Article

Transcriptome Responses of Insect Fat Body Cells to Tissue Culture Environment

Laboratory of Applied Entomology, Faculty of Agriculture, Tokyo University of Agriculture and Technology, Tokyo, Japan.
PLoS ONE (Impact Factor: 3.23). 04/2012; 7(4):e34940. DOI: 10.1371/journal.pone.0034940
Source: PubMed

ABSTRACT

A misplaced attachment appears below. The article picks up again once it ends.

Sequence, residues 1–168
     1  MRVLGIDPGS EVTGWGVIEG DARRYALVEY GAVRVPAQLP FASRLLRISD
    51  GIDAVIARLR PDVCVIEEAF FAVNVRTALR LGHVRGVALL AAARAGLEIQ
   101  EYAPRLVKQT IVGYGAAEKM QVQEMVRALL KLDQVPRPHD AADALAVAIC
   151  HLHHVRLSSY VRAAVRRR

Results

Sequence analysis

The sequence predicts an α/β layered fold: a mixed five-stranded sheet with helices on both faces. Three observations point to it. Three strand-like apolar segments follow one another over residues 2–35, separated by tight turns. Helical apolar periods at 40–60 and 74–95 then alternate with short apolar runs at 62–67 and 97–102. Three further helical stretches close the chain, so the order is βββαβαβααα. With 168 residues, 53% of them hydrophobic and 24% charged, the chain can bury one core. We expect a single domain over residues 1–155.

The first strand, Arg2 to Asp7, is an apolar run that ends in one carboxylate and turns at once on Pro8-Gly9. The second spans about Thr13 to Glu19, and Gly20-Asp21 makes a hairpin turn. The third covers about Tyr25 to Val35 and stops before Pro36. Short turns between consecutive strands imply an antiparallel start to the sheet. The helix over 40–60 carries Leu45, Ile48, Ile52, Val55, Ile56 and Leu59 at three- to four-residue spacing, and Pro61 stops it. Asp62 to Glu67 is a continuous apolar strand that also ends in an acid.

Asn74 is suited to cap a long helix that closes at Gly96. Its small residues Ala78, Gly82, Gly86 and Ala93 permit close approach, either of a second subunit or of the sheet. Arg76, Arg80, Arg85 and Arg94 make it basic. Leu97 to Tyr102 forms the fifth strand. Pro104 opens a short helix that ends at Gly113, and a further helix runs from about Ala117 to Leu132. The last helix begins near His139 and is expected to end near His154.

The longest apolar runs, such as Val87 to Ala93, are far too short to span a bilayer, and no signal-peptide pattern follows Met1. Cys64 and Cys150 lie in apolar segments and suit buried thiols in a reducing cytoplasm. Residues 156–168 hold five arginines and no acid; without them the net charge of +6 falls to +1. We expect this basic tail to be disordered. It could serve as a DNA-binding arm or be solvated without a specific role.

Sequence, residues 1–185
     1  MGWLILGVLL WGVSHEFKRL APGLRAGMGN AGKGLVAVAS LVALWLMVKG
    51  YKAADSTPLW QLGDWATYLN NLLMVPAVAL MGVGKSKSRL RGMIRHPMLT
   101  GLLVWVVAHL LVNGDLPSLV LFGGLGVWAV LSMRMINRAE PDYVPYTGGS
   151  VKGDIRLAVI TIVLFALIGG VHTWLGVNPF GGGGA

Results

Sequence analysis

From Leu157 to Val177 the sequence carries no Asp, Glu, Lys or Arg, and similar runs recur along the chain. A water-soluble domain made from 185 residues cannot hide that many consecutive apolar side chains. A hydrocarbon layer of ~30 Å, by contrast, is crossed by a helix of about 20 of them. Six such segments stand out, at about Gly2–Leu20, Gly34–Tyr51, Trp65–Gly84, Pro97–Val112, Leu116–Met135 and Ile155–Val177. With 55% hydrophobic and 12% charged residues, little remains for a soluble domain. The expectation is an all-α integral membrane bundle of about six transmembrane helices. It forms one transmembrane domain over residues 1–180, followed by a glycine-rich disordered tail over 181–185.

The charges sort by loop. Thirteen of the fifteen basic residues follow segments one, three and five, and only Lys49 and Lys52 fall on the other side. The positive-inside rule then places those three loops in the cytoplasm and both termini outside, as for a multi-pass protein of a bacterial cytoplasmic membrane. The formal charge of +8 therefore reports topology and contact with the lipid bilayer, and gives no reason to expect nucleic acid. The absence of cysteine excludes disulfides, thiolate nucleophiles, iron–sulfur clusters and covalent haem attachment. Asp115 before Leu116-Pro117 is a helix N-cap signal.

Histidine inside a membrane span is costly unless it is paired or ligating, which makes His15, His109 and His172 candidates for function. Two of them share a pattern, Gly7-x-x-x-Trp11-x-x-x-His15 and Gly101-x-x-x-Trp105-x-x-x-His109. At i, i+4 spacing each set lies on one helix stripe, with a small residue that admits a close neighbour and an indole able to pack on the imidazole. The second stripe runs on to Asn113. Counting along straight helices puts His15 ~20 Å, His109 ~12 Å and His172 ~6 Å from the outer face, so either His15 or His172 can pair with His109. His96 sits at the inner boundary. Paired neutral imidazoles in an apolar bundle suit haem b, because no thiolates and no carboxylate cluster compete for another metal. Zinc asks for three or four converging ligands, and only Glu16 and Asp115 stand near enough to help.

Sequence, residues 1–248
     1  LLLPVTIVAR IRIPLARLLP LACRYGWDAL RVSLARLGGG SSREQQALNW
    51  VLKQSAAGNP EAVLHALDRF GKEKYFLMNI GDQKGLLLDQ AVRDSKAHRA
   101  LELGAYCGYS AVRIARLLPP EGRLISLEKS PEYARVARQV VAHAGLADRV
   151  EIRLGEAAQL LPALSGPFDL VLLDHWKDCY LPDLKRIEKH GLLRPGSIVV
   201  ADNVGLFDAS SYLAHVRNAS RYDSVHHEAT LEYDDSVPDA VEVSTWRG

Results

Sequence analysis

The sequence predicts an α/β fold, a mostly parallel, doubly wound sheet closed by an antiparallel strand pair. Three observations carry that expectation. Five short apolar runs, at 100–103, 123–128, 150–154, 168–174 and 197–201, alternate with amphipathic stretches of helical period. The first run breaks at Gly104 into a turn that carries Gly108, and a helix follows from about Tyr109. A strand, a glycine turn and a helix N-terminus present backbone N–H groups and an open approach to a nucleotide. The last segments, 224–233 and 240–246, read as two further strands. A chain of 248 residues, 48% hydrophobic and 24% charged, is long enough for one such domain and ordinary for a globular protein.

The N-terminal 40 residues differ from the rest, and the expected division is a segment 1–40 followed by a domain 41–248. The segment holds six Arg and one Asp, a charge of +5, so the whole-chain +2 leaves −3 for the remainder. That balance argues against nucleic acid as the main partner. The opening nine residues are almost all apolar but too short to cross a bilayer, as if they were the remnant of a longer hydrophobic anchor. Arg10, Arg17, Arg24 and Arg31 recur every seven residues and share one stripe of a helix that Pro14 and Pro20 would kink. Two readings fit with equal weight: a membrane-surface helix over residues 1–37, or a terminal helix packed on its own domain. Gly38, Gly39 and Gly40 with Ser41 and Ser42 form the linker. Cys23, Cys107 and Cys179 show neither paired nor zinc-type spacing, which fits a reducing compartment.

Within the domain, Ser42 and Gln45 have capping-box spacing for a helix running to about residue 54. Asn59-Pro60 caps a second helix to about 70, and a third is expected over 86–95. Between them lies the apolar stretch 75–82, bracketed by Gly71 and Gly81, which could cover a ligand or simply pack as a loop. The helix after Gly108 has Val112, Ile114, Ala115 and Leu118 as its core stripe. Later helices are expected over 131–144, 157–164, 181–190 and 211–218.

Tissue culture is performed to maintain isolated portions of multicellular organisms in an artificial milieu that is outside the individual organism and for considerable periods of time; cells derived from cultured explants are, in general, different from cells of the corresponding tissue in a living organism. The changes in cultured tissues that precede and often explain the subsequent cell proliferation of explant-derived cells have been partially studied, but little is known about the molecular and genomic basis of these changes. Comparative transcriptomics of intact and cultured (90 hours in MGM-450 insect medium) Bombyx mori tissues revealed that fewer genes represented a larger portion of the transcriptome of intact fat body tissues than of cultured fat body tissues. This analysis also indicated that expression of genes encoding sugar transporters and immune response proteins increased during culture and that expression of genes encoding lipoproteins and cuticle proteins decreased during culture. These results provide support for hypotheses that cultured tissues respond immunologically to surgery, adapt to the medium by accelerating sugar uptake, and terminate their identity as part of an intact organism by becoming independent of that organism.

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